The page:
I hope you enjoyed this introduction to the fabulous world of pysanky. You can see more examples of the eggs I have made at my website, ruralgirlgraphics.com.

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    • Dbro profile image
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      Dbro 4 years ago from Texas, USA

      Thanks so much, Stephanie! If you visit my website, you can see more examples. I truly love this art form, and I create new eggs every year during the Lenten season, which means I need to get started soon! I'd love to be a contributor to your collection someday!

      There are very good resources for learning how to create these little works of art both online and in books. I actually got my start using a book designed for children to learn the art.

      Thanks again for your kind comments!

    • Stephanie Henkel profile image

      Stephanie Henkel 4 years ago from USA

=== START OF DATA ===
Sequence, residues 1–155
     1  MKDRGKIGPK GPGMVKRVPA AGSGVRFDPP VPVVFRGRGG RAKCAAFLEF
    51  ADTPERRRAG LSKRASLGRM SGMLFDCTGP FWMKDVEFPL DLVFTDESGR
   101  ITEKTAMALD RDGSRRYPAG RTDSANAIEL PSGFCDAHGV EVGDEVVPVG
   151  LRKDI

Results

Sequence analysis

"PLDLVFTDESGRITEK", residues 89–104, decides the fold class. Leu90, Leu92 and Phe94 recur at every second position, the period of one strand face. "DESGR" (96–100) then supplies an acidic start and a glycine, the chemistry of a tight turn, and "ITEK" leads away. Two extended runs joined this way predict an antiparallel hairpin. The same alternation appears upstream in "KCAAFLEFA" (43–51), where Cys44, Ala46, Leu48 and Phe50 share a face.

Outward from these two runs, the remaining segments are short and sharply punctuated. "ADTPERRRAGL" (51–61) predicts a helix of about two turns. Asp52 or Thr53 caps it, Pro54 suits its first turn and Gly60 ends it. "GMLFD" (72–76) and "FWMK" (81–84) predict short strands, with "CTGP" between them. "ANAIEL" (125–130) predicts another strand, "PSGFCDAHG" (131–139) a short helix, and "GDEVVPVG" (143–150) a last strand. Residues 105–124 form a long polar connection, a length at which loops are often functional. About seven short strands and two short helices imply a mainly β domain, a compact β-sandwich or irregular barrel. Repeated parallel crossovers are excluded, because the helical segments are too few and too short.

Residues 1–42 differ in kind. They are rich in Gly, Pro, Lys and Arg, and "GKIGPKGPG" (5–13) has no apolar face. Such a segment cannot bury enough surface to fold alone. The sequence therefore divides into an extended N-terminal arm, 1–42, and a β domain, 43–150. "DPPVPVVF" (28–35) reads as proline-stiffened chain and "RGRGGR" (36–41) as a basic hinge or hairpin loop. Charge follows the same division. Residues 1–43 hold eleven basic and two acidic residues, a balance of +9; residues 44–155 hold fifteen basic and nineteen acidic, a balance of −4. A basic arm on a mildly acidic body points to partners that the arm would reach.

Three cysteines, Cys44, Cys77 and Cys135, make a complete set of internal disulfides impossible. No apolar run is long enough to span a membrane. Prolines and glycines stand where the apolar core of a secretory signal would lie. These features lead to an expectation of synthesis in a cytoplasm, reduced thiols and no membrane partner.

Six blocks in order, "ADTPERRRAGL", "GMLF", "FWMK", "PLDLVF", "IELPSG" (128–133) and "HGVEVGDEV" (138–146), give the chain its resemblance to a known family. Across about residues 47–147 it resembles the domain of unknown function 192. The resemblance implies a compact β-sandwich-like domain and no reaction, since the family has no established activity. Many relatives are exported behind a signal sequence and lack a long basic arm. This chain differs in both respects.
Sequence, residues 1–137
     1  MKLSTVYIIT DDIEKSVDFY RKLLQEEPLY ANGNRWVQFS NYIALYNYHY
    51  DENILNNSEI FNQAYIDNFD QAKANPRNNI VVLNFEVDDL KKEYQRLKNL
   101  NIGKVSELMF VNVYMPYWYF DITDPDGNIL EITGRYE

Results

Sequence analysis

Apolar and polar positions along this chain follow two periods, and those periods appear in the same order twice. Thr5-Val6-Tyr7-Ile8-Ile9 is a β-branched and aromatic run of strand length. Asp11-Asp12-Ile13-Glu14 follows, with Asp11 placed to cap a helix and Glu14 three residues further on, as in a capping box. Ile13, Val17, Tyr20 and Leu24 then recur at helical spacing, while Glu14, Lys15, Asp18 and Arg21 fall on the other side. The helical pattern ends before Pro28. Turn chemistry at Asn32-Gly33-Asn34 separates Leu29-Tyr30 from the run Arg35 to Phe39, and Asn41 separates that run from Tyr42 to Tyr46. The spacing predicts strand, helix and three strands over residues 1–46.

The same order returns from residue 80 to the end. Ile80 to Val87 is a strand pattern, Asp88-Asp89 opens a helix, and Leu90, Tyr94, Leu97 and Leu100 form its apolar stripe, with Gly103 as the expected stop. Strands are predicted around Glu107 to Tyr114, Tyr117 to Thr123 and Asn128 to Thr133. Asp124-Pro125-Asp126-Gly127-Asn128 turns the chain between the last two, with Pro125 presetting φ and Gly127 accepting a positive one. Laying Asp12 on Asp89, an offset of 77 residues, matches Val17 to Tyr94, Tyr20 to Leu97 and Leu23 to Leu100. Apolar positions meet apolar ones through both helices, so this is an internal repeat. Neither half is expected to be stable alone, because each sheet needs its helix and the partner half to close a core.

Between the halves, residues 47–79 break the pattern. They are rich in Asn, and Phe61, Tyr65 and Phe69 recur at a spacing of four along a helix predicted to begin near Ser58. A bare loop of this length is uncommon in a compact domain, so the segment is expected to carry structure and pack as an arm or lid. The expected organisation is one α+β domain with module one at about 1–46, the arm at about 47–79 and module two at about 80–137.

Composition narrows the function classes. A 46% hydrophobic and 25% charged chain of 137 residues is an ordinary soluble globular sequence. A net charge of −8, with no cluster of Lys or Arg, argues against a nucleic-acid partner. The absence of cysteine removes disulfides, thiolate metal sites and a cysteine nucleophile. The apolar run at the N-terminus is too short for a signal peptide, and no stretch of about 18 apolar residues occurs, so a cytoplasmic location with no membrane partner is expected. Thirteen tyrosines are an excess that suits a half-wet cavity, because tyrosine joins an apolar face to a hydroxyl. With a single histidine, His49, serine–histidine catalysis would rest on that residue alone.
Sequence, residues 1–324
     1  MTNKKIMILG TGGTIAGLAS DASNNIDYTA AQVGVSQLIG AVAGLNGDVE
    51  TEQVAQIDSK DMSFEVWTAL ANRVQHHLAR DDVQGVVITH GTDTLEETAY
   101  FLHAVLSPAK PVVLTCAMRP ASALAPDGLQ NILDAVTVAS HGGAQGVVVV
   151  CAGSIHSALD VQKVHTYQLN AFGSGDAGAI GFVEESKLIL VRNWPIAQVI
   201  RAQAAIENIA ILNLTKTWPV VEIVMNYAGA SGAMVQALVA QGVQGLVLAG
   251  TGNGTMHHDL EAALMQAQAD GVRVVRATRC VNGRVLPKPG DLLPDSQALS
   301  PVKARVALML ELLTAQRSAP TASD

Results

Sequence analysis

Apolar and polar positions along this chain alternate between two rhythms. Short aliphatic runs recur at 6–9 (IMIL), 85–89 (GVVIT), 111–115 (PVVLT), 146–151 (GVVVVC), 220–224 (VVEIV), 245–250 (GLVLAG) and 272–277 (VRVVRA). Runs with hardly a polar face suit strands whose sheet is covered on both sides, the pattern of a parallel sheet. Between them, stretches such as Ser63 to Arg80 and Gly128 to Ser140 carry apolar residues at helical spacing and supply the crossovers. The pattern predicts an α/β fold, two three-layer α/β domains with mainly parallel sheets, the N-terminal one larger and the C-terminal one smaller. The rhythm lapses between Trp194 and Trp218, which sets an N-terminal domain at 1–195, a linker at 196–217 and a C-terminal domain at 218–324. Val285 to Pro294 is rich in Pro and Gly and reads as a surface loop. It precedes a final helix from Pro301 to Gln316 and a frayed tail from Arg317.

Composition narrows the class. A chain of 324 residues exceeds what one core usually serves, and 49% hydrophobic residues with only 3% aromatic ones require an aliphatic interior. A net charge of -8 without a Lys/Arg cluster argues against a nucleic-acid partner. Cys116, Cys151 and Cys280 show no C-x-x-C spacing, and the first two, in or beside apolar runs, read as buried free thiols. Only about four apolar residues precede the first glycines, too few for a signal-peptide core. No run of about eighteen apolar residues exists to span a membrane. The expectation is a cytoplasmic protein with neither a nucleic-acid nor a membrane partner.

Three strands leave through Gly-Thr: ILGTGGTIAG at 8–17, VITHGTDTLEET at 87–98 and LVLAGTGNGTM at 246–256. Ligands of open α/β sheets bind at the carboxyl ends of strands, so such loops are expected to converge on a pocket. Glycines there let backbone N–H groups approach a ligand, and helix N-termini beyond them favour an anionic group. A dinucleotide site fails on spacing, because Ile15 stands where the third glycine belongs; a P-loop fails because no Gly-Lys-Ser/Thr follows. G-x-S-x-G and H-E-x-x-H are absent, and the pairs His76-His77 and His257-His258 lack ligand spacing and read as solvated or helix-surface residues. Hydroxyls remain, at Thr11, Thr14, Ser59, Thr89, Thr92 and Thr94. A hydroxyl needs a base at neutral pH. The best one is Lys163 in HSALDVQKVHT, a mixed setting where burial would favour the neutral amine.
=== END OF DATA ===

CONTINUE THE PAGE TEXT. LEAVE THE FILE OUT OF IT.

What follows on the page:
I've long admired Ukrainian Easter eggs and have collected them when I come across someone who does them. Someday, I hope to learn the art and do some of my own! I love the ones you have pictured! If these are a sample of your work, they are incredible!

    • Dbro profile image
      Author

      Dbro 5 years ago from Texas, USA

      Your comments mean so much to me, Pavlo! I'm flattered that you enjoyed my article. I love this beautiful tradition, and it means a lot that a "native" who was raised in this culture appreciates my efforts. Thank you for reading and sharing your thoughts.

    • Pavlo Badovskyy profile image

      Pavlo Badovskyi 5 years ago from Kyiv, Ukraine

      As a Ukrainian I could not but stop and say - thank you for this hub! Traditions to paint eggs are some of the most cherished in Ukraine. We all like to do it and such a simple thing turned into a real art loved by all in Ukraine.